Fire Thoughts

The Smoke Alarm goes off.
Do not try to rise in a hurry you may fall over or make wrong judgements.
That may be because of smoke or fume inhalation or confusional arousal.
That’s when a person wakes up and remains in a confused unstable state for a time before fully waking up.


Anyway don’t stand up immediately, smoke rises.
The best air is low to the ground.


Turn a light on. If that fails use a torch.
Even if it works, hold on to a torch as electricity may fail in a fire.
Whether there is or isn’t smoke or odour, still act as though there is a fire.

Dump the old filament bulb types, today’s LED torches stand up to a ‘little’ more shock loading that the old bulbs do. Alloy bodies and something meaty also makes for a useful ‘self defence’ aid. I also prefer one with a wrist strap.

Get dressed in the absolute minimum, long-sleeved top, long bottoms, and something sound on your feet.

Slippers and flip-flops (beach wear) are not sound. Pumps, shoes, or boots are best.


If you have cotton or leather gloves, don them. Things may be hot and sparks flying. You need to cover up as much as possible. People with long hair should contain it, hat, scarf, or net. If you have a smoke hood, put it on.


Note:-This is just an example.
I don’t do recommendations.

Phone the emergency services. Current thinking is to get out before you phone.
My thinking is what if you are trapped. You waste time trying to escape and no one knows you are there. It takes 30 seconds to make a call, even if you just scream fire and drop the phone, a land line is traceable.
Then there is the bit about once out you can never find a public phone that is working.

If your land line phone is not working, use your mobile.
(See taking stuff a bit further down)
Generally the number is the same as the police i.e. UK 999, US 911, and Pan-European 112.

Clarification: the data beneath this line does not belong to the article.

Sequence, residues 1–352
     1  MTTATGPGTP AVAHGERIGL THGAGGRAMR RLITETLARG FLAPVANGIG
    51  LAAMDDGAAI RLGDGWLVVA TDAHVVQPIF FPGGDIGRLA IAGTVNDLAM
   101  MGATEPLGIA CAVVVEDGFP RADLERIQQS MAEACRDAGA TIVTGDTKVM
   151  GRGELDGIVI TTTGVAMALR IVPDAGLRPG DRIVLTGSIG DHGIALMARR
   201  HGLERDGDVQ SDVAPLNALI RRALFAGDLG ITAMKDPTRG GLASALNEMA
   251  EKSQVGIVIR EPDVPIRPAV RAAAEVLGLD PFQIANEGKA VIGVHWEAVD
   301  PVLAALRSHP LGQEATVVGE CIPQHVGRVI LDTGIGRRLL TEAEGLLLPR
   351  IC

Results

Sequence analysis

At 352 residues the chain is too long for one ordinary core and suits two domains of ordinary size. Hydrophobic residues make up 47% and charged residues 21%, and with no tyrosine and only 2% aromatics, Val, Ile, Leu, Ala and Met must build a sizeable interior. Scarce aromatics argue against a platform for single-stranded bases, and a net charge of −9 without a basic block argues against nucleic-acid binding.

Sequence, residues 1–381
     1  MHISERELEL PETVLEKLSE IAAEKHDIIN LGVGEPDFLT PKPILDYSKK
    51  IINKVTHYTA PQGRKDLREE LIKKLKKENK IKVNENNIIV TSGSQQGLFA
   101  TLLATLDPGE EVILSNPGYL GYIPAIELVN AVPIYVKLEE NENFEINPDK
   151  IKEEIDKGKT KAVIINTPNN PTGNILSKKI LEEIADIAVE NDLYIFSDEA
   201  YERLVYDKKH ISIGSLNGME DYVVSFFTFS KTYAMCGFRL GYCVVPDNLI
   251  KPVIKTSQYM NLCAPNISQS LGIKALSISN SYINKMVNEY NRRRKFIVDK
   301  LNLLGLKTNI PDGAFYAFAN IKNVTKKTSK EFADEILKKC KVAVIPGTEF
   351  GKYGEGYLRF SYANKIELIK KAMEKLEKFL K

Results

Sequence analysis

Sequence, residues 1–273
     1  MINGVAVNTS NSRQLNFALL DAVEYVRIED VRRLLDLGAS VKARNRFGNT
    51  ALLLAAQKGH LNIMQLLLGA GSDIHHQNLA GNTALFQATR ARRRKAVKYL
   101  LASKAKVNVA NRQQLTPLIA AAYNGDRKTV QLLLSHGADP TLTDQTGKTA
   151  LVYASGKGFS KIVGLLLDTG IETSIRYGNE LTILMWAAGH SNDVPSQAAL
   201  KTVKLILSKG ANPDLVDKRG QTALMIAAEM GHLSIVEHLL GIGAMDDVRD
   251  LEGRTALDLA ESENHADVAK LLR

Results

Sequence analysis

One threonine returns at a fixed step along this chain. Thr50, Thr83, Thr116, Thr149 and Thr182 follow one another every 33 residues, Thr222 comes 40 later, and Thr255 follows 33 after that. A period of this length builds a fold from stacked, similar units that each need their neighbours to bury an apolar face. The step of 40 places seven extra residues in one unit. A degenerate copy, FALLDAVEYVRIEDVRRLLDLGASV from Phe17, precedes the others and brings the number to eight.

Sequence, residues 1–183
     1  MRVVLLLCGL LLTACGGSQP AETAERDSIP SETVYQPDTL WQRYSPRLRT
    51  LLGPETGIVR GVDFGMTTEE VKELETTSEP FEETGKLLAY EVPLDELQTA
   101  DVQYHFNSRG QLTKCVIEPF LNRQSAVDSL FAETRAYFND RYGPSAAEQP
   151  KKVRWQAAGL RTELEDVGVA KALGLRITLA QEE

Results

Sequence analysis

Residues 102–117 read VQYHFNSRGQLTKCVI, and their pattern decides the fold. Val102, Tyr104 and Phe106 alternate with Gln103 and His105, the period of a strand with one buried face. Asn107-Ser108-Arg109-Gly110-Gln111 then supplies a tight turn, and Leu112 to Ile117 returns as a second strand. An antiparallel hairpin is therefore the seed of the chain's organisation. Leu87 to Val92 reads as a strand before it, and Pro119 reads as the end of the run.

If your exit route is through the only door.
Feel the door for heat. The top will be hottest if fire is present.
Use the back of the hand WITHOUT A GLOVE ON.
Look for smoke entering through the door frame or bulging.
If the door is bulging it is probably air pressure built up by the fire.
DO NOT OPEN THAT DOOR as it will probably fly open under pressure followed by the fire.
If it is not bulging, open the door by lying down behind the door and open it slowly being ready to close it FAST if fire and or smoke surges through the gap.
If you have to stay in the room block up the gaps round the door.


If that happens, consider escape via a different route.
If you are in an elevated dwelling, consider that most modern high-rise buildings have a safety factor of one hour in a specified room. (usually includes the communal stairways).

If there is a fire escape ladder USE IT BUT as you progress downwards be careful passing windows or exits in case fire air pressure blows them out and showers you in glass.

If you exit a window NEVER JUMP.
If you have an escape ladder USE IT
If you have no escape ladder, lower yourself down to a full stretch before letting go.

Remember if the height to fall is more than you are tall, drop and roll “parachute landing” style. Feet together knees slightly bent, protect your eyes and face, and on contact roll. NEVER try to land standing.


If you can exit through the door, make your way to the fire exit closing any doors behind you. Only use stairs NEVER use a lift or escalator.
If in your home, make your way to the nearest exit portal, doors, patio doors, or ground floor window if all else is blocked.

Breaking a double glazed window.
If you have to break one to get out don’t aim at the centre and swing something large at it.
Whatever you use will probably bounce off.
It is best to use something sharply pointed and heavy and aim at the edges about 4 inches 100 cm from the corner. Crack the glass in all four corners and the whole glass will collapse with a blow to the centre. YOU MAY HAVE TO REPEAT THIS with the outer glass.


Before climbing through, drape cloth or a mat over the sill.
There may still be sharp shards of glass.

Doors locked.
Attack the lower panels unless reinforced. The UK’s love of UPVC doors is a godsend there.
Walls. If they are stud/partition and plaster board, aiming low you can batter your way through them. All walls are made up of a frame. If you start and find you are getting no joy, move a foot to one side. Remember there could be fire on the other side. Before breaking through completely, feel the next wall for heat.

What to take with you if it is safe to do so?
If you have a bug out bag take that and any medicines vital to life.
It might be a little time before you can resupply.

Now the controversial bit.
Taking stuff.

Current advice is to get out and not bother with “stuff”. I disagree. (within reason).
Consider your i.e. handbag, wallet, and car keys, bank books, etc.